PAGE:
Many workplaces now strive for greater diversity, so a class in a corporate training situation could show a considerable range of age, ethnicity, and culture. Adding further complications, in a corporate situation, some attend classes because they are required to. Others are there to gain new skills or improve existing ones.
Building a functioning community in those conditions would be difficult but necessary. People do better in courses when they feel like an important member of a group (Laureate Education, Inc., 2011b). That kind of emotional response is important not just for the community but also for the ability of the individual students to learn. Brain chemistry comes into effect. When people feel happier and more secure, the brain chemistry activates the parts of the brain responsible for information processing and learning (Barkley, 2010).
In my experience with corporate training, there are often people involved in doing the work of the class and others content to sit in the back of the room and chat or play games on their phones. To deal with this, explicit expectations for participation should be set. Ideally, these expectations would be established not by the instructor alone but rather by the class as a whole. Whether these expectations are written up into a formal contract or simply discussed and agreed upon, setting up the ground rules for a successful class can help students feel like they, also, have some control over what is happening (Laureate Education, Inc., 2011a).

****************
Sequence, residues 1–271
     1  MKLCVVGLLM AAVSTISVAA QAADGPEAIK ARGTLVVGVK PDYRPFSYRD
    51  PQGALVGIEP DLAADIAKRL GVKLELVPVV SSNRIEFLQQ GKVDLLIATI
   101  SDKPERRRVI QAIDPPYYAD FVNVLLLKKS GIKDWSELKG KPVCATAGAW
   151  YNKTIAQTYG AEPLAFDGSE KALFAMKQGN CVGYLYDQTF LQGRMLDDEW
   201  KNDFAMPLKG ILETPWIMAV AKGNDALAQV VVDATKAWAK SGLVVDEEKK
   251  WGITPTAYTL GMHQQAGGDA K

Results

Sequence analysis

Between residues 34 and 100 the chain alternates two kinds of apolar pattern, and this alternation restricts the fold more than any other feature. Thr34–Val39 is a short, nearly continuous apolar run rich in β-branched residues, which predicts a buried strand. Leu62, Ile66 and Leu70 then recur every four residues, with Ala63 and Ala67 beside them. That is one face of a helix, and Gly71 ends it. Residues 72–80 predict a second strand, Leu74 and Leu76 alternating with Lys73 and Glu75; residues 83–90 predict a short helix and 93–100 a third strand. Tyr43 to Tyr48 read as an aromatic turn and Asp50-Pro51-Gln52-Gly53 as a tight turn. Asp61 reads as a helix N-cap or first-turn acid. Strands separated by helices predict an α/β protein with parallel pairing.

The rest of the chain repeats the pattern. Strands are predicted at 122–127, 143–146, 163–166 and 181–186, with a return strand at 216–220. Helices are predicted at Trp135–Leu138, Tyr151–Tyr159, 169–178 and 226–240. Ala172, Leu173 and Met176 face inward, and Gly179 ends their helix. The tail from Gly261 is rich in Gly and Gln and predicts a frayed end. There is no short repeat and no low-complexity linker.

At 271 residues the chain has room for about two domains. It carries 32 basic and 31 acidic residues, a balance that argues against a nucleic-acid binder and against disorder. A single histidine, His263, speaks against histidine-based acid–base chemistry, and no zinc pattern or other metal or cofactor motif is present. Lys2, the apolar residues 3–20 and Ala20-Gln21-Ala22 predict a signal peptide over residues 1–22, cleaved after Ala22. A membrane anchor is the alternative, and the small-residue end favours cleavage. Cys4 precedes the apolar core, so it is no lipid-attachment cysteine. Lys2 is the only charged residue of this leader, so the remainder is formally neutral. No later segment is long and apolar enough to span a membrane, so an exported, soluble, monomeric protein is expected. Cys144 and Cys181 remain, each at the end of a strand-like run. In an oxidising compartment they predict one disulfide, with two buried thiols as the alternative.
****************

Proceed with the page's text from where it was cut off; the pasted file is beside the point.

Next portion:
The community-building goals for the classes would involve creating a safe environment where everyone can participate and take the risks to try unfamiliar skills. Building community in a group that meets so infrequently would be hard to do, but with the cooperation of group, this can be done successfully to benefit everyone involved.
One of the things I would do to promote a safe community environment would be to share authority with them. Adults should not be treated like the 10-year-olds I taught for 14 years (Brookfield, 2006). The class would be served better if I involve them in the planning of the class as much as possible. There are, of course, some things that have to covered to meet the requirements of the class, but there are many ways to cover the material. As much as possible, the students in the class should be involved with planning (Barkley, 2010).
Set Goals with Multiple Intelligences
Taking a class should be done with one or more goals in mind. Some goals will be dictated by the company but others should be more personal. One of the activities the class can do at the beginning is communicate the personal goals of the students using Multiple Intelligences. Students can choose a mode of expression that makes sense for them and use that to demonstrate for the rest of the class what they want to gain (Gardner, 2011).